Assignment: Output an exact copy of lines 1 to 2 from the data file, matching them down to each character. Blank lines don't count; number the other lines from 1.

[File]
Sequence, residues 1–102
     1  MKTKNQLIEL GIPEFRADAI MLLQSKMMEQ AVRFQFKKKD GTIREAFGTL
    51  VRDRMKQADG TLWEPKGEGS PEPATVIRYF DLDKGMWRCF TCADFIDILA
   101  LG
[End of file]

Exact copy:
Sequence, residues 1–102
     1  MKTKNQLIEL GIPEFRADAI MLLQSKMMEQ AVRFQFKKKD GTIREAFGTL